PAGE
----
Nothing Wrong With Prayer — But It’s Not Enough.

Nothing Wrong With Prayer — But It’s Not Enough.

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Me having to write this is almost as tragic as you all having to read it. But, things are what they are in 2018.

As a lawyer, when I have argued cases before this state’s appellate and supreme courts, I have had to force myself to think strategically.

That is, when I made an argument, I had to not only consider its implications for the present, but I also had to give considerable thought to its ancillary and collateral implications in the future.

For instance, if I argued that certain laws and statutes of limitations should be applied retroactively to aid marginalized workers in this state, I also had to be aware that my argument could be used in the future to call for the retroactive application of another statute that would harm the marginalized in the future.

Such is the case in the spiritual setting as well.  I can’t very well teach my congregation about self reliance in a sermon series one month, and then turn around and extol the virtues of completely relying on God the next, without reconciling the two.

In our world, particularly in America, we have witnessed enough mass shootings by home grown, good all-American terrorists, to make us numb.

In fact, in 2017, there were 346 mass shootings in this country. And to date, there have been 34 in 2018.

And our response has been predictable. We offer thoughts and prayers to the victims. We hold rallys and prayer vigils. We allow the NRA to tell us that it is too soon to discuss gun control. If the shooter is a white man, we humanize him, call the incident “an isolated incident,” and call for attention to be paid mental health issues.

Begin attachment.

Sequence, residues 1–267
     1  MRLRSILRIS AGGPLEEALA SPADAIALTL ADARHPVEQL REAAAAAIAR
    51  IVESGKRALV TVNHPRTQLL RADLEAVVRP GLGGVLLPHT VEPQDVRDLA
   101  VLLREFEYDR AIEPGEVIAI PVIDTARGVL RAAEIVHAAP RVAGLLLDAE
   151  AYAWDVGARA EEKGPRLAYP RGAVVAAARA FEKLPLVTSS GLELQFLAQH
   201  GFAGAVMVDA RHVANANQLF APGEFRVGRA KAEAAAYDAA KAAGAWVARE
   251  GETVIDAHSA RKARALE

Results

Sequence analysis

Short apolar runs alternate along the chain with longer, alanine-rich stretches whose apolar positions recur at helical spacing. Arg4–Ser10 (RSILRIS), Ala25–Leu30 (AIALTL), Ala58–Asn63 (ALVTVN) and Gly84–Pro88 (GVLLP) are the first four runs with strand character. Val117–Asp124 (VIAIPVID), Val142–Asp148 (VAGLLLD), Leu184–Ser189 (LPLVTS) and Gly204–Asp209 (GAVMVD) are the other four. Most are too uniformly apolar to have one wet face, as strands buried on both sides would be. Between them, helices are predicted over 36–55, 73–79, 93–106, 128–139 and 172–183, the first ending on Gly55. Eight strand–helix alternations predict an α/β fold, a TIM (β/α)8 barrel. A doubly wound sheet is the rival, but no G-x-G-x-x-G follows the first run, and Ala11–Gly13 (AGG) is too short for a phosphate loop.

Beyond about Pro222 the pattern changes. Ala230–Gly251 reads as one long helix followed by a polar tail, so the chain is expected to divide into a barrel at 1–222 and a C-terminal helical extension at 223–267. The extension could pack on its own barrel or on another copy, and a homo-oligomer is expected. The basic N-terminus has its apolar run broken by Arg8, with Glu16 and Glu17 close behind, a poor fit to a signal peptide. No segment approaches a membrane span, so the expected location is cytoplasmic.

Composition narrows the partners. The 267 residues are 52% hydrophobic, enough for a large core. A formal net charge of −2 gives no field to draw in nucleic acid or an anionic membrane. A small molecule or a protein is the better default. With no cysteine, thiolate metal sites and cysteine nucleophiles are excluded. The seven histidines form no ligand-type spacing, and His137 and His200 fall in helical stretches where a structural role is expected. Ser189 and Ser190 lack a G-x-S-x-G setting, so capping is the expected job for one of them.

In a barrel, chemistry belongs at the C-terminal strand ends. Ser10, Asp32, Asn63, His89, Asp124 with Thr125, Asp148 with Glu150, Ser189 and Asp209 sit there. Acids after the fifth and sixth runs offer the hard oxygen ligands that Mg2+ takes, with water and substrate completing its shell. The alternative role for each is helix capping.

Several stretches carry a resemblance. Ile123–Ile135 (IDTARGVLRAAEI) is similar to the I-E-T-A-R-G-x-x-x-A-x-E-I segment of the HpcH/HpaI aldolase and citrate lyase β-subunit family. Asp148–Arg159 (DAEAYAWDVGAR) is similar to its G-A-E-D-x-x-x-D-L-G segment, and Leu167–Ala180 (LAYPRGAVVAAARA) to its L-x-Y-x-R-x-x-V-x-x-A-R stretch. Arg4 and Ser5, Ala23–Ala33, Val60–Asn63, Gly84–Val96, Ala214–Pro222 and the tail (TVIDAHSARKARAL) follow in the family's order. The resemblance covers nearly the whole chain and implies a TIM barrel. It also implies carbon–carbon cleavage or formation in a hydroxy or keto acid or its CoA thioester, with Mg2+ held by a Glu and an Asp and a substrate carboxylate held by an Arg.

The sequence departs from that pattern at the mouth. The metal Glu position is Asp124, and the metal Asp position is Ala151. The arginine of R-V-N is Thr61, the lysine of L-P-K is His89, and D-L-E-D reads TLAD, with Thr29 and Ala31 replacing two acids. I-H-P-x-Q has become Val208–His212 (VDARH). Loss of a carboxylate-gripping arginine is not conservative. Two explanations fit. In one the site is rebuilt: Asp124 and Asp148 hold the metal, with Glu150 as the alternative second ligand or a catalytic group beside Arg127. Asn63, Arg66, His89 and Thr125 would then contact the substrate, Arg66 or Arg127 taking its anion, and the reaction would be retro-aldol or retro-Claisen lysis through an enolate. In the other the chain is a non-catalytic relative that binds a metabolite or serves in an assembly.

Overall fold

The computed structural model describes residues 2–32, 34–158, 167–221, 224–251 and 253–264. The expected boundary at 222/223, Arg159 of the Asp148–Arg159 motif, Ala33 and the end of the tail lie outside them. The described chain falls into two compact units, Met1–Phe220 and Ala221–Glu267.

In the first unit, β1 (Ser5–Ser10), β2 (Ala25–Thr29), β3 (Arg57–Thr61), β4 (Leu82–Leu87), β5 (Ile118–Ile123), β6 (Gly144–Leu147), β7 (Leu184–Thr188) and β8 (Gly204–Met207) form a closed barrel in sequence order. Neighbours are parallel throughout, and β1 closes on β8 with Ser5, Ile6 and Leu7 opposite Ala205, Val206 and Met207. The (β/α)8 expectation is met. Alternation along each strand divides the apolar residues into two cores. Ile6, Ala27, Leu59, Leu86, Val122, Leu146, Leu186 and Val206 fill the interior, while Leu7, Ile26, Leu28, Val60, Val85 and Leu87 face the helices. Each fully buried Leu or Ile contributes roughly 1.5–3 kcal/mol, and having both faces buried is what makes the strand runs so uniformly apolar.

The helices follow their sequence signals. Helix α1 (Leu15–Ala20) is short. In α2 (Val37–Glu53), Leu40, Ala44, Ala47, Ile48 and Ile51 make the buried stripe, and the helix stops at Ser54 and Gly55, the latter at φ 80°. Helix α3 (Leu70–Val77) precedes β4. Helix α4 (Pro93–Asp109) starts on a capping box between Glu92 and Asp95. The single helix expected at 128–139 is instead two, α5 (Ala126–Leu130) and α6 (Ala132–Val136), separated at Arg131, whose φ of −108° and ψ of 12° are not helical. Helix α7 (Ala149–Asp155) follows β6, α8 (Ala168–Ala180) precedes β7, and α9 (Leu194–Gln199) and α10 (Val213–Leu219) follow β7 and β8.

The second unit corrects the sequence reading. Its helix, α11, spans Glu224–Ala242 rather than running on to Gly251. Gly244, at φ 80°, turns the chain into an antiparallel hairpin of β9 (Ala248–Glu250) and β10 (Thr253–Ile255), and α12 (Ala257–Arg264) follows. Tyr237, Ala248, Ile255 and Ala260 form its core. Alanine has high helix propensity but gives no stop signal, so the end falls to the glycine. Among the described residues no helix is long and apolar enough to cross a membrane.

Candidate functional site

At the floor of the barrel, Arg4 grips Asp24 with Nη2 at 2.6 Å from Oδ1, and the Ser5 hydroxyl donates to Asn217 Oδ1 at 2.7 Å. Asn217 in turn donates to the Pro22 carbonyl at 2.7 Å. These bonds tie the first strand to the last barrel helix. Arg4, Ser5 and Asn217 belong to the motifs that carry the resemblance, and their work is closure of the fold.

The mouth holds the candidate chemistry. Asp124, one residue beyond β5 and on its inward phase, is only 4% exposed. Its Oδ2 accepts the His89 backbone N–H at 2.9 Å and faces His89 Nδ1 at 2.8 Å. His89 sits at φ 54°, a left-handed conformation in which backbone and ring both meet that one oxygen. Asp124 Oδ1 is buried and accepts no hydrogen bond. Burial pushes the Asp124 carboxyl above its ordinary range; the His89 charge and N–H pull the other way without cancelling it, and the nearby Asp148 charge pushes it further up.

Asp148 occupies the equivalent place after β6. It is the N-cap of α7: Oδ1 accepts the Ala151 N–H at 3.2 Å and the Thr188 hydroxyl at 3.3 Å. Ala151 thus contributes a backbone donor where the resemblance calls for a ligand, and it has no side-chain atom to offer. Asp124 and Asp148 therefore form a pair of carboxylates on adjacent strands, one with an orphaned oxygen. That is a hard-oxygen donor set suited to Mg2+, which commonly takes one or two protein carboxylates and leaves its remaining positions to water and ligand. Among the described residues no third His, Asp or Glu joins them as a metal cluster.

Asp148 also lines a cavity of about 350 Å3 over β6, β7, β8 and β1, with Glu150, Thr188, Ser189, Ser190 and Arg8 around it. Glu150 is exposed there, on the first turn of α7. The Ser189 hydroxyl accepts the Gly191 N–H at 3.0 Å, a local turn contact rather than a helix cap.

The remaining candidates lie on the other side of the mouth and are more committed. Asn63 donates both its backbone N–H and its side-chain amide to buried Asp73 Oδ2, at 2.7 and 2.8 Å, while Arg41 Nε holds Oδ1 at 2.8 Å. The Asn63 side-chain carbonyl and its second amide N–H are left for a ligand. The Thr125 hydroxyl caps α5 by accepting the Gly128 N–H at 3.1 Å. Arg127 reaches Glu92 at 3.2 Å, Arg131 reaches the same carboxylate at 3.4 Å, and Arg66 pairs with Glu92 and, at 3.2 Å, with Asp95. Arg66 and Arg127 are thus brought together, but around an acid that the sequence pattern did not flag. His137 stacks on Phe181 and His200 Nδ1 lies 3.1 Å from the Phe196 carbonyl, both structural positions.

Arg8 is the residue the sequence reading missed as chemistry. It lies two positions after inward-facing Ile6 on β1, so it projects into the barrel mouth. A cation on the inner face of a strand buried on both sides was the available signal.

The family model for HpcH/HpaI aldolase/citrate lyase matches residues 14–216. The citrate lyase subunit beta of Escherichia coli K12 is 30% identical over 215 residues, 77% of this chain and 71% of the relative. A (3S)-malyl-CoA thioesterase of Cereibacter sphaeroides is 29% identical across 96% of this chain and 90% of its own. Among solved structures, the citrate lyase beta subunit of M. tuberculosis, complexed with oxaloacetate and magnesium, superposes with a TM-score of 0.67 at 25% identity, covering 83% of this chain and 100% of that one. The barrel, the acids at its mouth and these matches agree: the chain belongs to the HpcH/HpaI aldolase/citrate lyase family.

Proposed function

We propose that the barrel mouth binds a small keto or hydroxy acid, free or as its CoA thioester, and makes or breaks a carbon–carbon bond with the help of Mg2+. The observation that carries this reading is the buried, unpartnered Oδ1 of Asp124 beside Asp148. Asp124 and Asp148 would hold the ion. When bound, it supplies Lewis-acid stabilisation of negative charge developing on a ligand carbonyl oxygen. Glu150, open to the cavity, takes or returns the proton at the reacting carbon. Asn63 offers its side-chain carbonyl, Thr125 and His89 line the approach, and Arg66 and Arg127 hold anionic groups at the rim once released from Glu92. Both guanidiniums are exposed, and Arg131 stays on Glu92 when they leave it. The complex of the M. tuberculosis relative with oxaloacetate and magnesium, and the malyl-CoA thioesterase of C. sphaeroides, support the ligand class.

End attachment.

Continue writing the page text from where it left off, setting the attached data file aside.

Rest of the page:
And honestly, our collective response to mass shootings has become so predictable, that the young activists and leaders calling for action in the wake of the recent mass shooting in Broward County, Florida, assailed it before we could even begin to respond.

Before the current president of this country, and his conservative friends could tweet out “thoughts and prayers” to the families of victims of the mass shooting, these young leaders were eating them alive.

One young leader’s tweet expressed the sentiment of so many: “17 people are dead. 17 of my classmates are dead. I don’t need your thoughts and prayers. I want action.”

And as faithful people, as good people, as Christians, we are as outraged about this formulaic response to mass shootings as every outraged young leader.

We are sickened. We want action. We want the people elected to come up with solutions to, well, come up with solutions.

We are tempted to join in decrying “thoughts and prayers.”  It’s mighty temping.

But, let me offer this word in support of prayer and a caution against condemning prayer.

It is not prayer that is the enemy. Rather, it is the people who are offering the prayers who are the problem.

Let me explain. Where I come from, prayer works just fine. In fact, prayer is swell.

There has been no movement in my community that has been initiated, survived, or thrived without prayer. Before Harriet Tubman would lead groups of slaves to freedom, she would lead them first in prayer.

When Thurgood Marshall was touring the south and building cases against segregation, churches covered him in prayer.

Before Rosa got on the bus, before Martin marched off to meet destiny, they prayed.

Entire households, entire communities, entire nations have been fortified by prayer. Prayer does in fact work.

They prayed and then they acted.

The individuals who are sending “thoughts and prayers” today after each mass shooting are doing no such thing.

They are praying and not acting. They are using prayer as a punchline they can laugh about later in private meetings.  They are using prayer in precisely the manner in which Jesus tells us not to in the Sermon on the Mount.

I don’t blame young leaders for being angry. I’m angry too. But, our beef isn’t with prayer, it’s with the leaders who are offering words and prayer with no action.

So, let’s pray together. And then let’s change the world.

This opinion column reflects the view of its author and not necessarily the views of Madison365, its staff or board of directors.

Written by Rev. David Hart

Rev. David Hart

Rev. David Hart is a pastor, attorney, and author living in Madison.

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